Dunson v. Laughlin

Filing 8

REPORT AND RECOMMENDATIONS dismissing with prejudice re 1 Petition for Writ of Habeas Corpus filed by Joshua Jermaine Dunson. Objections to R&R due by 6/29/2017. Signed by Magistrate Judge G. R. Smith on 6/15/17. (trb)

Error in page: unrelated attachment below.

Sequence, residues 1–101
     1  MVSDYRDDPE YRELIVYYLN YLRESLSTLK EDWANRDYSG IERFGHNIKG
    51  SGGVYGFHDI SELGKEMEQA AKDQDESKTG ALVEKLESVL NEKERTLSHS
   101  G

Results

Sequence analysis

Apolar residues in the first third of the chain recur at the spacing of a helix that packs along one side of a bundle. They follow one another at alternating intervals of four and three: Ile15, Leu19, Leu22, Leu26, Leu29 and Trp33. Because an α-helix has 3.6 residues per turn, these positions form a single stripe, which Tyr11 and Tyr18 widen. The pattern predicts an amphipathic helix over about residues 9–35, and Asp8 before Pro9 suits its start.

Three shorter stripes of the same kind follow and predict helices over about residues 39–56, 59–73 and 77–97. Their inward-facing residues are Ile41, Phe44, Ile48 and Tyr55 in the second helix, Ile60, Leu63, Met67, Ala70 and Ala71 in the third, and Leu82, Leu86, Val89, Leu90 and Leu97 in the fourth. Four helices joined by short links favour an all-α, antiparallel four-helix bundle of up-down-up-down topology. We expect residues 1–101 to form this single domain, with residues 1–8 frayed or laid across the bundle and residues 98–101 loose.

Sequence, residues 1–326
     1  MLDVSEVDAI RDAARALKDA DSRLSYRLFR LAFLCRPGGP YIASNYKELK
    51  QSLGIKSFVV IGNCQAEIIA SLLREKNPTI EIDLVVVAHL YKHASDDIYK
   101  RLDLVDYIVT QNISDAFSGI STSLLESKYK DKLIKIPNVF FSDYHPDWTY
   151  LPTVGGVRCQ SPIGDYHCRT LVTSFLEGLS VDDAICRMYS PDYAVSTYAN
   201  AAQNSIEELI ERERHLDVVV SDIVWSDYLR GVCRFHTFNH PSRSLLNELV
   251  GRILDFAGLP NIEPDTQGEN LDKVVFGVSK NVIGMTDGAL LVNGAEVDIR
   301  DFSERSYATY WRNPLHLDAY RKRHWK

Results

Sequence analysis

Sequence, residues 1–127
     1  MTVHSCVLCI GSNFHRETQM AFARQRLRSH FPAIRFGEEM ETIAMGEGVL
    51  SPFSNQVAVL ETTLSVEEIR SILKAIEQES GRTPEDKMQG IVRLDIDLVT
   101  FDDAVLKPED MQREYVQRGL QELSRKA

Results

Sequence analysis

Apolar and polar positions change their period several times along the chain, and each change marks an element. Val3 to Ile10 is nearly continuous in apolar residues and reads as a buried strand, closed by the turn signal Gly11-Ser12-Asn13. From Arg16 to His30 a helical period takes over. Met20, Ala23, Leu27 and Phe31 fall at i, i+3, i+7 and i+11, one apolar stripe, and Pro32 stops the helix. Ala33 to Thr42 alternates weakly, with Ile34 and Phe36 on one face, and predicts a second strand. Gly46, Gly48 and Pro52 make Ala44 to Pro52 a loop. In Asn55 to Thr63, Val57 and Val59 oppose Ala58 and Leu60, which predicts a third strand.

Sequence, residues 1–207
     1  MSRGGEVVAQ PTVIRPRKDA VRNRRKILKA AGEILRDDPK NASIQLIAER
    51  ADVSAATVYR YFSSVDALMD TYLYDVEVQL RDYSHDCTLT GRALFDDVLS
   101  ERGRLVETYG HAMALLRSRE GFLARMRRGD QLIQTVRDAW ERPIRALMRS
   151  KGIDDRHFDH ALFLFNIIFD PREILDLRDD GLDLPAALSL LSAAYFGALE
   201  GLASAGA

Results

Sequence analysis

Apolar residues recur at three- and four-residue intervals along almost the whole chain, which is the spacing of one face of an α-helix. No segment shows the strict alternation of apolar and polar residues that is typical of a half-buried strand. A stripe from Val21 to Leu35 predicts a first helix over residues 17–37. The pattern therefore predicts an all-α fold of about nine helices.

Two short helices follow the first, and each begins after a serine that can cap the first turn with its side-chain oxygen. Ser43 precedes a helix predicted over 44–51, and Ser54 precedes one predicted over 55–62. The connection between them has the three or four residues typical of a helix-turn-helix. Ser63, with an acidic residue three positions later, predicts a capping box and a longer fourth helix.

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UNITED STATES DISTRICT COURT SOUTHERN DISTRICT OF GEORGIA SAVANNAH DIVISION FILED Scott L. Poff, Clerk United States District Court JOSHUA JERMAINE DUNSON, Petitioner, v. VANCE LAUGHLIN, Warden, Respondent. ) ) ) ) ) ) ) ) ) By tblanchard at 2:59 pm, Jun 15, 2017 CV417-087 REPORT AND RECOMMENDATION Joshua Jermaine Dunson filed a defective 28 U.S.C. § 2254 petition -- he failed to sign it and left a couple of pages blank. Doc. 1 (petition); doc. 4 (Order pointing that out). He also failed to answer Question 18 -- “Timeliness of Petition.” Doc. 1 at 13. That was conspicuous because he was convicted of various crimes1 on April 27, 2009, id. at 1, and there was little to suggest that he could surmount 28 U.S.C. § 2244(d)(1)’s one-year limitations clock. 1 “A jury found Joshua Dunson guilty of kidnapping with bodily injury, aggravated child molestation, aggravated anal sodomy, child molestation, enticing a child for indecent purposes, and cruelty to children. Dunson appeal[ed], raising numerous claims of error.” Dunson v. State, 309 Ga.App. 484, 484 (2011). The Georgia Court of Appeals affirmed. Id. Dunson cites no further direct appeal. The Court gave him another chance. Doc. 4. Dunson has since signed the signature page and answered Question 18, doc. 7, revealing that he exhausted his direct appeal in 2011, see supra n. 2, but sought no state habeas relief until September 14, 2015. Doc. 1 at 3. Yet, he had to file for § 2254 relief within one year after the date his conviction became final. 28 U.S.C. § 2244(d)(1). That clock is stopped only by the pendency of a properly filed state direct appeal or collateral review proceeding. 28 U.S.C. § 2244(d)(2); Rich v. Sec’y for Dep’t of Corr., 512 F. App’x 981, 982-83 (11th Cir. 2013); Nesbitt v. Danforth, 2014 WL 61236 at * 1 (S.D. Ga. Jan. 7, 2014) (“28 U.S.C. § 2244(d)(1)’s one-year clock ticks so long as the petitioner does not have a direct appeal or collateral proceeding in play.”). Hence, sitting on any claim and creating time gaps between proceedings can be fatal. Kearse v. Sec’y, Fla. Dep’t of Corr., 736 F.3d 1359, 1362 (11th Cir. 2013); Nesbitt, 2014 WL 61236 at * 1. And once the one-year clock runs out, it cannot be restarted or reversed merely by filing a new state court or federal action. Webster v. Moore, 199 F.3d 1256, 1259 (11th Cir. 2000) (a state post-conviction motion filed after expiration of the limitations period cannot toll the period, because there is no period remaining to be tolled); Nowill v. Barrow, 2013 WL 504626 at * 1 n. 3 (S.D. Ga. Feb. 8, 2013). Jackson v. McLaughlin, 2017 WL 1313789 at * 1 (S.D. Ga. Apr. 5, 2017), adopted, 2017 WL 1848475 at * 1 (S.D. Ga. May 8, 2017) (rejecting § 2254 petitioner’s claim “that he suffers from mental health problems. This is insufficient and Petitioner is not entitled to equitable tolling.”). By waiting until September 14, 2015 to resume moving the ball 2 from a 2011-finalized appeal, Dunson ran out that one-year clock. In his Question 18 answer, he insists that the clock was stopped in time because he raised new claims in state court “but [they] were not addressed on their merits.” Doc. 7 at 1. But he still had to keep the ball rolling (i.e., challenge all merits/non-merits rulings within the state appeal channels, then timely present them to this Court). He failed to do that during the 2011-2015 time period, and that gap was fatal. Dunson’s § 2254 petition therefore must be DISMISSED WITH PREJUDICE. This Report and Recommendation (R&R) is submitted to the district judge assigned to this action, pursuant to 28 U.S.C. § 636(b)(1)(B) and this Court’s Local Rule 72.3. Within 14 days of service, any party may file written objections to this R&R with the Court and serve a copy on all parties. captioned “Objections to Magistrate The document should be Judge’s Report and Recommendations.” Any request for additional time to file objections should be filed with the Clerk for consideration by the assigned district judge. After the objections period has ended, the Clerk shall submit this 3 R&R together with any objections to the assigned district judge. The district judge will review the magistrate judge’s findings and recommendations pursuant to 28 U.S.C. § 636(b)(1)(C). The parties are advised that failure to timely file objections will result in the waiver of rights on appeal. 11th Cir. R. 3-1; see Symonett v. V.A. Leasing Corp., 648 F. App’x 787, 790 (11th Cir. 2016); Mitchell v. U.S., 612 F. App’x 542, 545 (11th Cir. 2015). SO REPORTED AND RECOMMENDED, this 15th day of June, 2017. 4

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